Erin E. Martin
Erin Martin is the web communication leader for the departments of Horticulture and Crop and Soil Science at Oregon State University, where she works closely with faculty, staff, and students to help them inform, connect, and engage with their audiences. Her research program seeks to find the best coffee on campus.
She lives in beautiful Corvallis, Oregon, and you can occasionally see her remembering that she has a Twitter account at @wrstknitterever.
Be a Dilettante
The word dilettante brings up dusty visions of the 19th century, such as the well-heeled 20-something white male, sitting in his music room, playing his spinet. There’s a slightly sneering connotation to the word, bringing to mind someone without the knowledge, without the commitment. In more modern terms, the wannabe.
As a kid, I tagged along with my mother, who worked at a research lab. The scientist life looked glamorous to me, so I decided that I was going to become a marine biologist. There were fewer science exposure opportunities for children back then, so I wasn’t prepared at all for the work involved in science. I said I wanted to be a scientist, but I spent most of my free time writing and inventing stories.
When I finally dropped Advanced Biology in 11th grade because it was “too hard”, I had no idea that this decision would turn out to be a defining moment in my career. I had chosen to become a dilettante, because I still cared about science. I still followed popular science journalism, I listened to others talk about scientific topics — I was drawn to science, fascinated by it, but completely terrified of it. The concepts, the rigor, the breadth excited me. I wanted to talk about it.
This reverence and awe has lead me into a career in web communications for science research. And the fear I suffer (because it is too hard) has made me good at it. I speak to researchers about their projects, what they are trying to find out, what they need to communicate to other researchers and the public, and I help them develop purposeful online communication devised to meet these goals. One day I may be helping a Ph.D. student describe why we should care about manmade noise and its effect on sea mammals. Another day could be spent putting up data sets and tying them into a bigger context. It’s fascinating and exciting to hear many of these researchers talk about their projects. I may ask good questions, but it’s obvious to me and to the researchers that I only understand most of these projects at a basic level.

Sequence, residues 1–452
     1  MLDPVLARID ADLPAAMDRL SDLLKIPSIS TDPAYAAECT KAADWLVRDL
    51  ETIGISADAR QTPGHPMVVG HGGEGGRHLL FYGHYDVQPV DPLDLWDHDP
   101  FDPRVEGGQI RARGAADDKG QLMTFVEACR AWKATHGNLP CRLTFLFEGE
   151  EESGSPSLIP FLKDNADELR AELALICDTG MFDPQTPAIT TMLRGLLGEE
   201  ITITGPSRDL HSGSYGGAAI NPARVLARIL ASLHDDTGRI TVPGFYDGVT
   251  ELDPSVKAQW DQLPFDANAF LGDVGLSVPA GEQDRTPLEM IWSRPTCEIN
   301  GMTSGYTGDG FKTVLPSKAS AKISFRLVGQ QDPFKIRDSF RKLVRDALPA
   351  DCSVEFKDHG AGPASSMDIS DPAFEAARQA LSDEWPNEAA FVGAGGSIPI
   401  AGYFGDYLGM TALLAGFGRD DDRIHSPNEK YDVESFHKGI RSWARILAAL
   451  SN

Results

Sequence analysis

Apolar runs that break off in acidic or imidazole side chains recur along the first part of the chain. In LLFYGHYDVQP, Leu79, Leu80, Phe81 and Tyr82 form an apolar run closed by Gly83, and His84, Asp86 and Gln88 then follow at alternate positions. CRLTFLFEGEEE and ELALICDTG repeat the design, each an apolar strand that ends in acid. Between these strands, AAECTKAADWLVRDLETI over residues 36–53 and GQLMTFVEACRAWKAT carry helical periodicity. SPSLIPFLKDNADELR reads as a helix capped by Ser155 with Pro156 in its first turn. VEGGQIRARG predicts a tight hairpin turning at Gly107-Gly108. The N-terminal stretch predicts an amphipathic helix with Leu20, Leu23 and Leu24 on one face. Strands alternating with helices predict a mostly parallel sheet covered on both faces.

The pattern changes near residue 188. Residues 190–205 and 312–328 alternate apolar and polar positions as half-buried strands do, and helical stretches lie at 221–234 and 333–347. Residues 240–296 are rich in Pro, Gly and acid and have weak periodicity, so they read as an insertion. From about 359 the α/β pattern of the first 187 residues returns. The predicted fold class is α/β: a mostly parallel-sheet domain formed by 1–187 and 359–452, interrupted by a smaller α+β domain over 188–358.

When we become a dilettante, we understand what’s going on the surface, but deeper meaning eludes us. Less time is spent asking the obvious questions — because we understand that and can explain it at length — and more time trying to understand. I still may only have a middle schooler’s knowledge of how genetics works, but I understand how genetics is important to many aspects of science and research.
Dilettantes pay close attention, because there might be something we missed. We’ll show up at even the most tired lecture, because it’s always an opportunity to learn. Scientists, we’re excited to hear about your work, and you inspire us. Tell us more, tell us again. Dilettantes may be your layperson audience, but we’re the perfect people to help communicate your research to others.
What are you scared of, but drawn to? How are you becoming a dilettante?